Under Florida law the following credit hours count towards excess credit hours:
Under Florida law the following credit hours do not count toward excess credit hours:
When you elect to change your major, it invokes another review of your transfer credit to determine if additional transfer courses now apply to your new major. It is possible that your new major selection will change which courses are degree applicable. Important Note: Once this additional review has been completed, the additional transfer courses that are determined to be applicable toward the new major will be added to your Excess Hour Counter.
An initial review will determine if any credits you transferred to UF prior to attending UF for the first time apply to your Excess Credit Hour Counter. Since you do not have a declared major, credits applied will be determined by what courses are applicable to most majors, such as General Education coursework, University Tracking, etc. Once you declare a major, any additional credits that can apply toward the major will be determined and added to your Excess Credit Counter.
The Excess Hours Surcharge will be assessed based upon the student's primary degree/major. Excess Hours Surcharges associated with courses required to complete the second degree/major and NOT also required to complete the first degree/major will be temporarily deferred until it is determined that graduation with both degrees/majors has been confirmed. Once confirmed, the second degree/major credit hours will be permanently exempted. If graduation for both degrees/majors is not confirmed the second degree/major credit hours will be retroactively assessed the Excess Hours Surcharge for all credit hours that were temporarily exempted. Non-payment of this surcharge will prevent the release of diplomas and transcripts. If you have added a dual degree or double major and are unclear about your Excess Hours Surcharge status, you are encouraged to speak with your academic advisor about your Excess Credit Hour Surcharge status.
Second bachelor's degrees are not excluded from the Excess Credit Hour law. However, since most second bachelor's degrees only require that you complete an extra 30-40 hours, you most likely will not end up in an excess credit hour situation. Students beginning Fall 2009 - Summer B 2011 would not be assessed the excess credit hour surcharge until they had exceeded 120% of the hours required for the degree program. In most cases this would be 144 hours. This means you would need to take more than 144 hours for your second degree before you are assessed the surcharge. Students beginning Fall 2011 and later would not be assessed the excess credit hour surcharge until they had exceeded 115% of the hours required for the degree program. In most cases this would be 138 hours. This means you would need to take more than 138 hours for your second degree before you are assessed the surcharge.
Once the official drop/add period has ended for the current term, all courses you are currently registered for will be included.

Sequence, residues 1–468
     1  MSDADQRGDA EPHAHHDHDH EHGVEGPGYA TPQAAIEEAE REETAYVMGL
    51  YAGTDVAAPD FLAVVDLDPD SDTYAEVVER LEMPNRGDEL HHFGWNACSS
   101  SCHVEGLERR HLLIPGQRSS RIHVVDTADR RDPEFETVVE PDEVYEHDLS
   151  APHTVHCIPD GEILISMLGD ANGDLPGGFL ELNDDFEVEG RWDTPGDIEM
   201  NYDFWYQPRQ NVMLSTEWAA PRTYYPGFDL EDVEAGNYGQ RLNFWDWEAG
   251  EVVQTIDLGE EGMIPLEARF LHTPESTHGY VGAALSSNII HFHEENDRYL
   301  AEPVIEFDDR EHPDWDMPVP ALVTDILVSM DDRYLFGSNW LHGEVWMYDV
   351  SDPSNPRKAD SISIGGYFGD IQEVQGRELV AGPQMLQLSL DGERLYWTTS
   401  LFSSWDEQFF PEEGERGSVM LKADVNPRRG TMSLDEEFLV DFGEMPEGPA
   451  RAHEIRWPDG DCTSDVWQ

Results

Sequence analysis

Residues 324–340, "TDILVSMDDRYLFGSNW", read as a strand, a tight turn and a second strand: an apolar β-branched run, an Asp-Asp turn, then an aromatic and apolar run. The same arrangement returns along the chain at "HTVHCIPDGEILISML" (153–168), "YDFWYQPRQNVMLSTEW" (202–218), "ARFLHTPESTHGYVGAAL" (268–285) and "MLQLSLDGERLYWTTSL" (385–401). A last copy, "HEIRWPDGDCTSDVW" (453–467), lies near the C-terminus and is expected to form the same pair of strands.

Internships, whether optional or required, are excluded from your counter. The university will exclude these hours automatically from your excess credit count whenever possible. However, it is not always possible to identify internships on the academic record of a student, especially when taken at another institution. If you feel that your excess credit hour total includes internship hours, you should submit an appeal for an adjustment. Cooperative educational experiences, directed individual studies, and other one-on-one instructional courses are not considered internships under this law.
Certain courses that have as part of the class instruction preparation for a professional certification exam may be excluded from your excess credit count. Examples of these might be a computer science class that prepares you for a Microsoft certification exam or a foundational education class that prepares you for a teacher certification exam. In these cases, the one specific course that prepares you for the exam may be excluded from your counter, but not all courses in the degree program.
All credit earned while on active duty is exempt from the Excess Credit Hour law. Documenting active duty military service is something that we do not currently track, so it is critical that you let us know of any credit that you have earned while on active duty. You will need to submit a written request and you should include a copy of your DD214 as part of the appeal.
Yes, graduate courses are included in your Excess Credit Hour count if they are taken while pursuing your baccalaureate degree and you have not been approved for a combined degree program. Combined degree graduate credit that is used for the undergraduate and graduate degree will be excluded.
Effective July 1st, 2018, non-transfer students that graduate within four years of their initial enrollment at UF and incur excess hours surcharges will have up to 12 credits of their surcharge refunded after graduation. If applicable, this refund will occur at the beginning of the next term after drop/add. See regulation 21(c) for more information.